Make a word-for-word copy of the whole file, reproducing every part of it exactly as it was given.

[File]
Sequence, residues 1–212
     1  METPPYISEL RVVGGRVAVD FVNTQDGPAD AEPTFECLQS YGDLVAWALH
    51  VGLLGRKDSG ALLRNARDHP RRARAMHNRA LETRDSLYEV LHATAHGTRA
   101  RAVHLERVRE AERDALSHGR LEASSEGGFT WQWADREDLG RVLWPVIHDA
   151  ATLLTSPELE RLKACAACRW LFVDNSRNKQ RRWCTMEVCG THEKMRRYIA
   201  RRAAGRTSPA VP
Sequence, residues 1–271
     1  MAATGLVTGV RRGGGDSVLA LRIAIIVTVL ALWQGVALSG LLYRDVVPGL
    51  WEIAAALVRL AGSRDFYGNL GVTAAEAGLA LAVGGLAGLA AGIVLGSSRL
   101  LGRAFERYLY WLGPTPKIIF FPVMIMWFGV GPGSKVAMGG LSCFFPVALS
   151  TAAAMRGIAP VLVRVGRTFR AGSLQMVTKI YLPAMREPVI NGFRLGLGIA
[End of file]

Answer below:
Sequence, residues 1–212
     1  METPPYISEL RVVGGRVAVD FVNTQDGPAD AEPTFECLQS YGDLVAWALH
    51  VGLLGRKDSG ALLRNARDHP RRARAMHNRA LETRDSLYEV LHATAHGTRA
   101  RAVHLERVRE AERDALSHGR LEASSEGGFT WQWADREDLG RVLWPVIHDA
   151  ATLLTSPELE RLKACAACRW LFVDNSRNKQ RRWCTMEVCG THEKMRRYIA
   201  RRAAGRTSPA VP
Sequence, residues 1–271
     1  MAATGLVTGV RRGGGDSVLA LRIAIIVTVL ALWQGVALSG LLYRDVVPGL
    51  WEIAAALVRL AGSRDFYGNL GVTAAEAGLA LAVGGLAGLA AGIVLGSSRL
   101  LGRAFERYLY WLGPTPKIIF FPVMIMWFGV GPGSKVAMGG LSCFFPVALS
   151  TAAAMRGIAP VLVRVGRTFR AGSLQMVTKI YLPAMREPVI NGFRLGLGIA